The next occasion when I was summoned to Bhagavan's presence was when he had developed anuria. I now went to his Ashram not with the all-important feeling of a District Medical Officer going to visit his patient. I went in the spirit of a humble devotee going to serve a saint of colossal spiritual magnitude. My ministrations as a doctor were to be coupled with the devotion of a disciple. When I reached the Ashram I was told that for the past twenty-four hours Bhagavan had not taken any food, not even a drop of water; that the disciples' implorations in this behalf had failed; and that, in consequence, the entire community was feeling most anxious. I was entreated to persuade Bhagavan to eat something.

On examining Bhagavan I found that it was imperative that he should take some fluid. But what if he refused my request too? Ordering him in my capacity as a doctor seemed to be out of the question. I felt like asking him as a boon to accept my prayer. I prayed inwardly and held a glass of buttermilk before him.

He gazed at me for a second, took the buttermilk in shaking hands, and drank it. My joy knew no bounds. There were relief and jubilation all around. I was thanked profusely, but I felt infinitely grateful for Bhagavan's overwhelming grace. He had heard my silent prayer and granted my boon. Wonderful was the spiritual exhilaration I experienced in Bhagavan's holy presence.

The next time I was called to him was at midnight. When I entered his room, four disciples were there. Bhagavan was saying something to them in Tamil.

They told me that he was asking them to leave the room but that they wanted to stay as, according to them, he was in a delirium. I persuaded them to go.

Three of them went away. The fourth one stayed on. Bhagavan turned to him and whispered, "You are not going away because you feel that you love me more than the others!" The disciple now knew that Bhagavan was not delirious. He bowed and went.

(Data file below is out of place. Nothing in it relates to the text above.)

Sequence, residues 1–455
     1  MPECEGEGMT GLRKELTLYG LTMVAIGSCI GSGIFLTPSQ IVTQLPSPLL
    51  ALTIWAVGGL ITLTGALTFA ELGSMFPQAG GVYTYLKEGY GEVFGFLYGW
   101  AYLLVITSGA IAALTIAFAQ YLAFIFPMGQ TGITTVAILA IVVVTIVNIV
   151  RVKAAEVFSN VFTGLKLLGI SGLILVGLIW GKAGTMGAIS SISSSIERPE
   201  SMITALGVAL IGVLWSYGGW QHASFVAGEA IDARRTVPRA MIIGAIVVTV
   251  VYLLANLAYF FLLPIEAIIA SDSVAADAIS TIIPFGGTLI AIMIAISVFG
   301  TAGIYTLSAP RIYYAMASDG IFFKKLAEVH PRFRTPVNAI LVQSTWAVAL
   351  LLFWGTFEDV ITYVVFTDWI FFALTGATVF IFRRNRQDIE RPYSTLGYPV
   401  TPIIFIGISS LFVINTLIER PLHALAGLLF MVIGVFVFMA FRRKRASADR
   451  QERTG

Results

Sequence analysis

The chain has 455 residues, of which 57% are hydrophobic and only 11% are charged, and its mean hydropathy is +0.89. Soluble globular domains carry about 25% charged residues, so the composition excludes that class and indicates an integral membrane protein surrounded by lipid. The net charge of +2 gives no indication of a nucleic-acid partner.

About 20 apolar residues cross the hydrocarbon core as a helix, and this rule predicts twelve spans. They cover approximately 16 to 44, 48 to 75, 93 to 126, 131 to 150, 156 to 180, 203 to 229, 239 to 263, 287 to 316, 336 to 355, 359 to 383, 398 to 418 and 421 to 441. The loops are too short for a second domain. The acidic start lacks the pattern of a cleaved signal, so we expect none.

I was left alone with Bhagavan. As usual, he did not speak with me. I was also silent. But the vibrations that emanated from him were celestial. His body must have been in terrific, mortal pain, but his heavenly spirituality was unaffected by it. A rapturous thrill electrified my entire being.

I administered to his body; but I was hardly conscious that I was a District Medical Officer. I was conscious only of an intense desire to worship this illumined soul. I had learned that Bhagavan did not allow devotees to touch his feet. But I felt a deep urge within me not only to touch his blessed feet but to press them lovingly. I took courage in both my hands and pressed them.

The wonder of wonders! Bhagavan let me do so! His grace was abounding. I considered myself in the seventh heaven. I glorify those few minutes of my life.

The next time I was summoned to him was about three hours after midnight. Pain must have been torturing his body. Still, he was sound asleep. Holy silence filled the room. It was the ambrosial hour of the dawn. I did not wish to disturb him. I sat quietly by his feet. Suddenly, he opened his eyes. His gracious gaze fell on me. He softly muttered, "D. M. O.!" The peculiar tone in which he mentioned me indicated that I had been in his sacred thoughts and that he was expecting me. I felt myself blessed. I silently worshipped him. My whole being seemed to vibrate with ecstasy.

At that time I had been feeling restless about a promotion to the rank of Major General (Surgeon General) which was legitimately due to me as the seniormost I. M. S. Officer in the Province of Madras. However I tried to banish the idea of that coveted promotion from my mind, it loomed large before my mind's eye and marred my equanimity.

Then I said to myself, "Why am I fretting unnecessarily? The next time I visit Bhagavan, I shall request him to grant me this promotion!"